However, while the latter are choosing between life and death, the terminally ill are choosing not between life and death, but between two different ways of dying, according to their own beliefs and conscience. Rigorous 2016 research from Australian National University shows that the vast majority (79%) of Victorians support assisted dying choice for the terminally ill (with just 8% opposed), clearly distinguishing it from general suicide.

Shame on the bishops for disrespectfully equating the two.

The inconsistency fallacy

They also argue that assisted dying ought to remain prohibited because within healthcare, “mistakes happen and the vulnerable are exploited,” and “that in spite of our best efforts, our justice system could never guarantee” no one would die by mistake or false evidence. However, as I’ve pointed out before, an identical hypothetical problem exists under the refusal of life-saving medical treatment, a statutory right that Victorians have enjoyed for nearly 30 years. The statute has only three “safeguard” requirements, yet even those only apply if the refusal is formally documented, but not if it’s verbal.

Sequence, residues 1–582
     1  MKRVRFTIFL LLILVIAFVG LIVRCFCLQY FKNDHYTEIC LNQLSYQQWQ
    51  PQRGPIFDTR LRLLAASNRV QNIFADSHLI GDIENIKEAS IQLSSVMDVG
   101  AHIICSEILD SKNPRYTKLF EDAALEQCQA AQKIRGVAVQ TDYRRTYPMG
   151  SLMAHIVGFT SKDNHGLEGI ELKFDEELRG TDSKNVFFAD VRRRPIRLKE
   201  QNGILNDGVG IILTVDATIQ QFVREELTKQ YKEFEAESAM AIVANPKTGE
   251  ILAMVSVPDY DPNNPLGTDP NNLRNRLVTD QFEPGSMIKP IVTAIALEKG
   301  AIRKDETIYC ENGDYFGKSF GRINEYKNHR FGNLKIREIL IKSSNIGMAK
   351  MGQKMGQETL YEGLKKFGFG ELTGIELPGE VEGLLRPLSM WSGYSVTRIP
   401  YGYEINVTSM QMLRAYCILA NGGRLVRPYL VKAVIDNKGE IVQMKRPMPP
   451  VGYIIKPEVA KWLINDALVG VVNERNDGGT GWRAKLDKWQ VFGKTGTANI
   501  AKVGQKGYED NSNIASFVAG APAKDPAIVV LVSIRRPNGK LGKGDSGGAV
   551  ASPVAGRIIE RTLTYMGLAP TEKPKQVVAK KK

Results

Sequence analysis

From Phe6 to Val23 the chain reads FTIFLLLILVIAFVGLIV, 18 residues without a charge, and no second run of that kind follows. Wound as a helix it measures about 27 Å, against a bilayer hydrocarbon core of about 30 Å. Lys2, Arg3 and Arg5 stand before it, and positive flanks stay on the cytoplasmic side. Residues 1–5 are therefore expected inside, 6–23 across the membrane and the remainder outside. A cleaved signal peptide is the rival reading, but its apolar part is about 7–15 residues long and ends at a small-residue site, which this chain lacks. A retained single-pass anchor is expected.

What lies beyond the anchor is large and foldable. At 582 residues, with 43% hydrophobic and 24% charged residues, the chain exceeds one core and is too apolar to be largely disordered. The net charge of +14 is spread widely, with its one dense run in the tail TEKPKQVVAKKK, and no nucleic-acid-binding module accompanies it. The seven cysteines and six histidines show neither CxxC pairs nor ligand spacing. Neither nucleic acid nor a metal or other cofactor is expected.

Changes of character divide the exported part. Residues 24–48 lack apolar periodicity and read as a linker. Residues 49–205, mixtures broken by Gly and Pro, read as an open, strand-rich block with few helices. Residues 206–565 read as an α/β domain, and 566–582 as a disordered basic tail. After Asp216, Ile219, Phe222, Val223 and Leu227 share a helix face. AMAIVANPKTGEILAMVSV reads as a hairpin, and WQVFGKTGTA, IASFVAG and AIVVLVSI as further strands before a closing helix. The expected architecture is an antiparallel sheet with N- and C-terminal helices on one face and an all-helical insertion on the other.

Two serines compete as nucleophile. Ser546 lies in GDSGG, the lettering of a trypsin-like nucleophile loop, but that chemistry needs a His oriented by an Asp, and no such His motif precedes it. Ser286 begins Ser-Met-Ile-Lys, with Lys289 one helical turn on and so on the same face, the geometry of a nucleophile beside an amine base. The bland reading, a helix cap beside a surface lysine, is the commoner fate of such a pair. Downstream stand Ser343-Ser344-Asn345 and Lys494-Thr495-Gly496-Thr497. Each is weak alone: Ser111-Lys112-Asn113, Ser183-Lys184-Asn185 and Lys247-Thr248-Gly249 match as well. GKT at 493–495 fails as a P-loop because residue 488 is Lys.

Further, the United States Conference of Catholic Bishops directs that patients may refuse treatment if it imposes “excessive expense on the family or community,” yet makes no mention of the hypothetical “vulnerability” of the patient to be persuaded so, nor directs any requirements to assess the veracity of the refusal.

In stark contrast, the Victorian proposal for assisted dying legislation contains more than 60 safeguards and oversights.

The bishops are at risk of ridicule for such a gargantuan flip-flop: supporting the refusal of life-saving treatment with little or no oversight, while vocally opposing assisted dying legislation that mandates an armada of protections.